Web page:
Choose a place where you won't do very much harm, and stand in it for all you are worth, facing the sunshine.

George Emerson, Part 2, Chapter 15

George Emerson suggests that whatever a person does, he cannot completely avoid harming others. His metaphor is one of shadow and sun, with the shadow being life's troubles, and the sun, life's joys. It is George's philosophy to gather as much joy as he can while doing as little harm to others as possible.


My father says that there is only one perfect view—the view of the sky straight over our heads.

George Emerson, Part 2, Chapter 15

George Emerson's thinking has been greatly influenced by his father. In this quote, the view of the sky above represents heavenly perfection, contrasted with the "imperfect" views presented by everyday life. Creation is perfect and eternal, man is flawed and mortal. By continually looking to the sky, or one's higher self, a person can strive to attain that eternal perfection.


He looked at her, instead of through her, for the first time since they were engaged. From a Leonardo she had become a living woman.

Narrator, Part 2, Chapter 17

Cecil Vyse has just lost Lucy Honeychurch, and in doing so, comes to an important understanding. He realizes that he has not viewed Lucy as a complete person in her own right: he has stereotyped her because she is a woman. This quote reflects the book's theme of women's roles in society.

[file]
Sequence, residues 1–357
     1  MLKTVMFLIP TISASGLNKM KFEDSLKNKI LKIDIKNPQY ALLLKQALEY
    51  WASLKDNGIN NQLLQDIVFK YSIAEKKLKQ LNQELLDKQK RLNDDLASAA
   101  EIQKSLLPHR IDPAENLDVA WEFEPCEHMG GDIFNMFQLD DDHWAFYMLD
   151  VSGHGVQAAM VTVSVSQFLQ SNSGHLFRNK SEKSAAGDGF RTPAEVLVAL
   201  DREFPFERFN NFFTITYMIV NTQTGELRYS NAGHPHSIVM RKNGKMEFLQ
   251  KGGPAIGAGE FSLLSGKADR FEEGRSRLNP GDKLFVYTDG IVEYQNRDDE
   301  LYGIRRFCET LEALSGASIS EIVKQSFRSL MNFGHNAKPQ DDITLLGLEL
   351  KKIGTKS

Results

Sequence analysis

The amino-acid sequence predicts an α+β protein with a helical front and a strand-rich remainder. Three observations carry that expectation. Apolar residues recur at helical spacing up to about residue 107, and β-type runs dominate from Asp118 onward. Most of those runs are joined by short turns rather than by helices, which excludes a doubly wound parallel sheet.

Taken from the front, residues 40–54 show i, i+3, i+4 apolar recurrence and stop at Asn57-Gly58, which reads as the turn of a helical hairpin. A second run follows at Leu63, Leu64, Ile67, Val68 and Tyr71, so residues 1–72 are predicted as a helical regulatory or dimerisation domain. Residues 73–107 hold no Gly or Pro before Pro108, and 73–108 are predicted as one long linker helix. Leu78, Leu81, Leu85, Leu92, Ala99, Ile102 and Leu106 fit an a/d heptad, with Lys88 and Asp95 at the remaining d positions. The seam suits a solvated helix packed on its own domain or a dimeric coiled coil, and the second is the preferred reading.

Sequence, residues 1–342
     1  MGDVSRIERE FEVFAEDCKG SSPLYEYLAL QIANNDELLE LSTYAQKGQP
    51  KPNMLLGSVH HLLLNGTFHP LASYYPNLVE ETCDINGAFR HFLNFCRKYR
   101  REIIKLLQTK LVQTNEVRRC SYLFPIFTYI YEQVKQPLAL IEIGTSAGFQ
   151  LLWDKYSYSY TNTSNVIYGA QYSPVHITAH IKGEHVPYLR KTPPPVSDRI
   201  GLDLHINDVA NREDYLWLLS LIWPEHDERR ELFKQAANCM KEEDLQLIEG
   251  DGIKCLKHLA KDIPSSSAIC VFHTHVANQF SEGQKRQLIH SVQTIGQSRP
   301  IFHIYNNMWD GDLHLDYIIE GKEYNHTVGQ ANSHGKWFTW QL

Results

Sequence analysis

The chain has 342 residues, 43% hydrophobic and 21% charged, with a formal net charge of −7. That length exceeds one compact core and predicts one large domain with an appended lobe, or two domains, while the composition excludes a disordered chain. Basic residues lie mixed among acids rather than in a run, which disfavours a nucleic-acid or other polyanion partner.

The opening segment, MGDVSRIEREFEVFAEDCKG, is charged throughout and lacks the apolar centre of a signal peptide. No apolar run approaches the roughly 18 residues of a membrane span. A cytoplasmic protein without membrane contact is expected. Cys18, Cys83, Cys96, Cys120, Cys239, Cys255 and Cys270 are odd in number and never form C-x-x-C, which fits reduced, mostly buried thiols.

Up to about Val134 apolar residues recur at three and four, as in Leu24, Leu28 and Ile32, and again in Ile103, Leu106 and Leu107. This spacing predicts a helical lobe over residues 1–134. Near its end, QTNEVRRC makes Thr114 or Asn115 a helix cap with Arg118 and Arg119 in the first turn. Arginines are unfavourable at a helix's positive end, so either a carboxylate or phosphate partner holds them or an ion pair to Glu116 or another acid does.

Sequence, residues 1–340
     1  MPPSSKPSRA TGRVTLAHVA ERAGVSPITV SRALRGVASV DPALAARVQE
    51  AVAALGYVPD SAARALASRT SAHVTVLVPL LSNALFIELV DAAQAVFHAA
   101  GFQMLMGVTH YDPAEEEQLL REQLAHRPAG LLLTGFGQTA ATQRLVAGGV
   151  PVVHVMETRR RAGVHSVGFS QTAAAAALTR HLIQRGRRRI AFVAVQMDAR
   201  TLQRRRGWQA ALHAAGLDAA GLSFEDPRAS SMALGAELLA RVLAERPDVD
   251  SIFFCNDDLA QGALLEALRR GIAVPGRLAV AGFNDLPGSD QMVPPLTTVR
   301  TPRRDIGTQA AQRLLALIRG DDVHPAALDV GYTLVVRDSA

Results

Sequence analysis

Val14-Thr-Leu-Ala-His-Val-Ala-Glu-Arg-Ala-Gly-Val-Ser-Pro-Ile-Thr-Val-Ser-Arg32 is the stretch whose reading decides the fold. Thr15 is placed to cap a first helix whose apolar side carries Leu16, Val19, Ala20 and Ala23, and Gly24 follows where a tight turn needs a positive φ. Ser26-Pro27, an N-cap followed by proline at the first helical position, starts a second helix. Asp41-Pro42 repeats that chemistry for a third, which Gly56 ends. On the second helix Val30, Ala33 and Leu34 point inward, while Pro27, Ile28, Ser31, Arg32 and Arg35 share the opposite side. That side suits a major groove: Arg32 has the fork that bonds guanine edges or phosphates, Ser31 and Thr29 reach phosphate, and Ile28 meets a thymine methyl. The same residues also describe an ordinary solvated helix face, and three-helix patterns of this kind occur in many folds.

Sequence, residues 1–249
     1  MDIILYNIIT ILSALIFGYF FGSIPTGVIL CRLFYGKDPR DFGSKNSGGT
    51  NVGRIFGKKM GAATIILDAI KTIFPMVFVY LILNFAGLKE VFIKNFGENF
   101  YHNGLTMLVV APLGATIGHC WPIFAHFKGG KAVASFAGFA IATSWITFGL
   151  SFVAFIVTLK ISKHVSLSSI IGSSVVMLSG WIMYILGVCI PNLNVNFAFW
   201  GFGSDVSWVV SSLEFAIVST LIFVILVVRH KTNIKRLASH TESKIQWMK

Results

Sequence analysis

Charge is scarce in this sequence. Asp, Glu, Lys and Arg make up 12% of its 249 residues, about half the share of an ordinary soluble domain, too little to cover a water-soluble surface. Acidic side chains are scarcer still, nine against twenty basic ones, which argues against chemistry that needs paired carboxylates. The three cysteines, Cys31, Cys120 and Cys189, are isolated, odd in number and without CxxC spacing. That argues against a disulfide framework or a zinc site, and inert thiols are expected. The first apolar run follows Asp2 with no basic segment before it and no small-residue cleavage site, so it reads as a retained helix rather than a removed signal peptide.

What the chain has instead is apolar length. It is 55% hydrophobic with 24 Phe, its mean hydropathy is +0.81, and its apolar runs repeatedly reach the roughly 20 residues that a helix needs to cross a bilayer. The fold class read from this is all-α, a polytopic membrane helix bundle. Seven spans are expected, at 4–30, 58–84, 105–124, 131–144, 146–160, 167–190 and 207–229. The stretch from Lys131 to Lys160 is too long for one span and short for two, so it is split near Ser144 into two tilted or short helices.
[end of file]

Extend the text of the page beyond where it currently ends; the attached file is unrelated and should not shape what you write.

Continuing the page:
Taste not when the wine cup glistens/Speak not when the people listens/Stop thine ear against the singer/From the red gold keep thy finger.

Lucy Honeychurch, Part 2, Chapter 18

Lucy Honeychurch sings this mournful tune from Sir Walter Scott's "Lucy Ashton's Song" after deciding that she will never marry. She imagines she will become a paragon of female virtue, untouched and morally impeccable. The unspoken context is that Lucy cannot admit she is in love with George Emerson; society considers their love improper, and thus, so does she.


She disliked confidences, for they might lead to self-knowledge and to that king of terrors—Light.

Narrator, Part 2, Chapter 19

Lucy Honeychurch cannot admit to her mother that she wants to go to Greece to avoid George Emerson. She fears that saying so will bring up another truth she has been unwilling to recognize: that she loves George. She is not ready expose her dark secrets to the light for all to see. She is not ready to be judged for who she really is.


Yes, for we fight for more than Love or Pleasure, there is Truth. Truth counts, Truth does count.

Mr. Emerson, Part 2, Chapter 19

Lucy Honeychurch can deny herself love and pleasure when she believes she is doing so for a higher purpose—to uphold societal values. Mr. Emerson, though, strikes on an argument that she can't deny: truth, too, is noble and worth upholding.

This argument dovetails with the true wish of Lucy's heart—to love George Emerson—and she seizes on it as the salvation that will pull her out of her own web of lies and confusion. She is ready to face the consequences of telling her truth and acting on that truth.